America is on The Road to Revolution

By Rod Dreher

In 1951, six years after the end of World War II, the political philosopher Hannah Arendt published The Origins of Totalitarianism, in an attempt to understand how such radical ideologies of both left and right had seized the minds of so many in the 20th century. Arendt’s book used to be a staple in college history and political theory courses. With the end of the Cold War 30 years behind us, who today talks about totalitarianism? Almost no one—and if they do, it’s about Nazism, not communism.

Unsurprisingly, young Americans suffer from profound ignorance of what communism was, and is. The Victims of Communism Memorial Foundation, a nonprofit educational and research organization established by the U.S. Congress, carries out an annual survey of Americans to determine their attitudes toward communism, socialism, and Marxism in general. In 2019, the survey found that a startling number of Americans of the post-Cold War generations have favorable views of left-wing radicalism, and only 57 percent of Millennials believe that the Declaration of Independence offers a better guarantee of “freedom and equality” than The Communist Manifesto.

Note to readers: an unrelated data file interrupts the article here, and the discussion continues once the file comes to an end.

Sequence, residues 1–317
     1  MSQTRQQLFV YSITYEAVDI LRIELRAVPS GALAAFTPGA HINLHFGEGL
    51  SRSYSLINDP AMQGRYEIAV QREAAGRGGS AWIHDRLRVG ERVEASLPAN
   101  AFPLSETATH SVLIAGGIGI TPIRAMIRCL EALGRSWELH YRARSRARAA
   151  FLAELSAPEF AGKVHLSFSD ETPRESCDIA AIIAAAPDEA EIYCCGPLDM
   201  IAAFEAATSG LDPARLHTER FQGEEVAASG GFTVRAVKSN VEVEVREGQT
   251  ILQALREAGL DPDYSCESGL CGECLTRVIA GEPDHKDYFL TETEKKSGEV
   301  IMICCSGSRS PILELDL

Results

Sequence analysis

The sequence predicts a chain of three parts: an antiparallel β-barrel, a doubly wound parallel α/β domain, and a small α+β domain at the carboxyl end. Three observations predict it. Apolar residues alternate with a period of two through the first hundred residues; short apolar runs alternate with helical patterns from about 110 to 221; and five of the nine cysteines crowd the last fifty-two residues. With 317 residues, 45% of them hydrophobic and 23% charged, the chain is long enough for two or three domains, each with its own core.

Some émigrés who grew up in Soviet-dominated societies are sounding the alarm about the West’s dangerous drift into conditions like they once escaped. They feel it in their bones. Reading Arendt in the shadow of the extraordinary rise of identity-politics leftism and the broader crisis of liberal democracy is to confront a deeply unsettling truth: that these refugees from communism may be right.

What does contemporary America have in common with pre-Nazi Germany and pre-Soviet Russia? Arendt’s analysis found a number of social, political, and cultural conditions that tilled the ground for those nations to welcome poisonous ideas.

Loneliness and Social Atomization

Totalitarian movements, said Arendt, are “mass organizations of atomized, isolated individuals.” She continues:

What prepares men for totalitarian domination in the non-totalitarian world, is the fact that loneliness, once a borderline experience usually suffered in certain marginal social conditions like old age, has become an everyday experience of the ever-growing masses of our century.

The political theorist wrote those words in the 1950s, a period we look back on as a golden age of community cohesion. Today, loneliness is widely recognized by scientists as a critical social and even medical problem. In the year 2000, Harvard political scientist Robert Putnam published Bowling Alone, an acclaimed study documenting the steep decline of civil society since midcentury and the resulting atomization of America.